5. Medical conditions
Certain medical conditions, such as ectopic pregnancy, can also cause a false negative pregnancy test. An ectopic pregnancy occurs when the fertilized egg implants outside the uterus, usually in a fallopian tube. It’s a medical emergency that requires immediate intervention.
6. Very high levels of hCG
The least common reason for a false negative pregnancy test result is that your pregnancy hormones are extremely high, creating a “hook effect.”
In a typical pregnancy, hCG levels don’t go higher than 300,000mIU/mL. The hook effect occurs when hCG levels rise above 500,000IU/mL. The high level of hCG overwhelms the testing strip causing the antibodies not to bind, thereby giving a false negative test result.
If you have symptoms of pregnancy but continue to test negative, seek care from a health professional to rule out medical conditions that can cause a hook effect.
In addition to false negative test results, it’s also possible to get false positive results.
What Can Cause a False Positive Pregnancy Test Result?
A false positive pregnancy test is a positive result even though you’re not pregnant. False positives are not as common as false negative results but can occur for several reasons, including:
1. Chemical pregnancy
A chemical pregnancy happens when the fertilized egg implants in the uterus but doesn’t develop into an embryo. This may cause you to produce hCG, leading to a positive pregnancy test.
2. Misreading evaporation lines
Sometimes a faint evaporation line can appear on the pregnancy test, which can be mistaken for a positive result. Ensure that you aren’t reading the test beyond the time allotted in the instructions to minimize this.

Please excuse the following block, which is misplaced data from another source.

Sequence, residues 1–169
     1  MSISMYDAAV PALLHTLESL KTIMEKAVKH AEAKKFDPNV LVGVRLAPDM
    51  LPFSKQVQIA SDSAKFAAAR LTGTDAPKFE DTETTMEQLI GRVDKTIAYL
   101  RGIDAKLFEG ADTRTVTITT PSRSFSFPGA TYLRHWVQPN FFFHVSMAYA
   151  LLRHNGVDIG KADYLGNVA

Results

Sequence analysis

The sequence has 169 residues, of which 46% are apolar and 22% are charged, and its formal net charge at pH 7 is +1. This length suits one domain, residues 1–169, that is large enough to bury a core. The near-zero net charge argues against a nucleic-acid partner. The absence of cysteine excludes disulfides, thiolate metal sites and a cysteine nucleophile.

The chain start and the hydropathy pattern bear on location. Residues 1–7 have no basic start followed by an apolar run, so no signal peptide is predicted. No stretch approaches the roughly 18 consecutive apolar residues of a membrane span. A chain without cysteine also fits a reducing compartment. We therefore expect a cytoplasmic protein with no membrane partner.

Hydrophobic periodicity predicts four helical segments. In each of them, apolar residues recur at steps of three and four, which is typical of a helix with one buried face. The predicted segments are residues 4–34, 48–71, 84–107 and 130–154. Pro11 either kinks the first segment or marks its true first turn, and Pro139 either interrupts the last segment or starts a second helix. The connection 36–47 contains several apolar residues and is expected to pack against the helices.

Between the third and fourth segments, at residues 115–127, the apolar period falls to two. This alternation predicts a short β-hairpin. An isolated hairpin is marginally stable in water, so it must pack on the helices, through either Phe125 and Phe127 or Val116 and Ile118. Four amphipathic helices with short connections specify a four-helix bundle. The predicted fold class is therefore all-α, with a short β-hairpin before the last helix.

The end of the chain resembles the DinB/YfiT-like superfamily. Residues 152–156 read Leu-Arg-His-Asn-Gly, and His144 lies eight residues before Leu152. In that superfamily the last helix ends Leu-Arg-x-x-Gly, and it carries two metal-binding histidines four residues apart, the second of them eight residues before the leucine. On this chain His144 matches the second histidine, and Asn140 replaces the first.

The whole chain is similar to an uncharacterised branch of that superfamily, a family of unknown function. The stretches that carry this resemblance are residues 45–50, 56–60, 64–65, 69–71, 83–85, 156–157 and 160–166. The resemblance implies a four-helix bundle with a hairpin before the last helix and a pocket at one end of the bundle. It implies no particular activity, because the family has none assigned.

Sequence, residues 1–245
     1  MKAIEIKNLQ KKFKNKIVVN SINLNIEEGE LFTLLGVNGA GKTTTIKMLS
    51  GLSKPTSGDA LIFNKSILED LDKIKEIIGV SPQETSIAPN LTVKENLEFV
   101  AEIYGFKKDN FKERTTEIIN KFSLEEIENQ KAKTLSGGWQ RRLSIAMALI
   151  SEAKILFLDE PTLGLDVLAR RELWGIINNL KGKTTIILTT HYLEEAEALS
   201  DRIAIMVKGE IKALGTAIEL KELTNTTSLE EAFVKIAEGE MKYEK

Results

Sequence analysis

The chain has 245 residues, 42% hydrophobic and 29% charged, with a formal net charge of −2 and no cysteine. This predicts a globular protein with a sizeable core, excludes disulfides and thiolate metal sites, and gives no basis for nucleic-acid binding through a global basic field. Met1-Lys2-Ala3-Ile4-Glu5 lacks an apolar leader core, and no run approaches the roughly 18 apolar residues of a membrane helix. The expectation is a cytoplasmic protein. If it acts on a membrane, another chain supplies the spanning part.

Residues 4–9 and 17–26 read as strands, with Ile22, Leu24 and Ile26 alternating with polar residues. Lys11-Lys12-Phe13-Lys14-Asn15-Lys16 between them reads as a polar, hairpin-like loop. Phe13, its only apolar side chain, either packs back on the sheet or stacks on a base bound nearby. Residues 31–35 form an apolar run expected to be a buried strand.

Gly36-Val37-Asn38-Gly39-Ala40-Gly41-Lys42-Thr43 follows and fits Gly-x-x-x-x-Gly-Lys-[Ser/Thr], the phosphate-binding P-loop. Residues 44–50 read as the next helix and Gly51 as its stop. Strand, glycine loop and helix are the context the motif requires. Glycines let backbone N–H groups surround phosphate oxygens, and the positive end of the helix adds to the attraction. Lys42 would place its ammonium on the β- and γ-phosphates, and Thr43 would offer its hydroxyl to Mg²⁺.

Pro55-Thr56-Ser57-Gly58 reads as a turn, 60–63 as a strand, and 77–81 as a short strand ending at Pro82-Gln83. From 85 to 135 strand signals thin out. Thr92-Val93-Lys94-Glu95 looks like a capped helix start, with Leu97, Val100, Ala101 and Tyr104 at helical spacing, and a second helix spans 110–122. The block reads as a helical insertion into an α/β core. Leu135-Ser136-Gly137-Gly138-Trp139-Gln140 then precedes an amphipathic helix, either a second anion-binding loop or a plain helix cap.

3. A recent pregnancy
If you’ve recently given birth, had a miscarriage, or had an abortion, it can take several weeks for hormone levels to return to normal. That means it’s possible to have hCG in your system still if you test during that time, giving you a false positive result.
4. Certain medical conditions or medications
Ovarian cysts and other types of medical conditions can produce hCG. Fertility drugs and other medicines can contain hCG. Either one of these scenarios can create a false positive test result.
Next, we will recap how to get the most accurate pregnancy test results.
How To Get an Accurate Pregnancy Test Result
The following tips will help you get the most accurate test results:
- Wait until you miss your period to take a home pregnancy test.
- Test when your urine is most concentrated.
- Follow the directions exactly as written.
- Store pregnancy test kits in a cool, dry place.
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Danielsson, K. (2023, January 2). Pros and cons of doing an early pregnancy test. Verywell Family. Retrieved from https://www.verywellfamily.com/using-an-early-pregnancy-test-2371541
Human chorionic gonadotropin: Hormone, purpose & levels. Cleveland Clinic. (2022, March 11). Retrieved from https://my.clevelandclinic.org/health/articles/22489-human-chorionic-gonadotropin
Mayo Foundation for Medical Education and Research. (2022, March 12). Ectopic pregnancy. Mayo Clinic. Retrieved from https://www.mayoclinic.org/diseases-conditions/ectopic-pregnancy/symptoms-causes/syc-20372088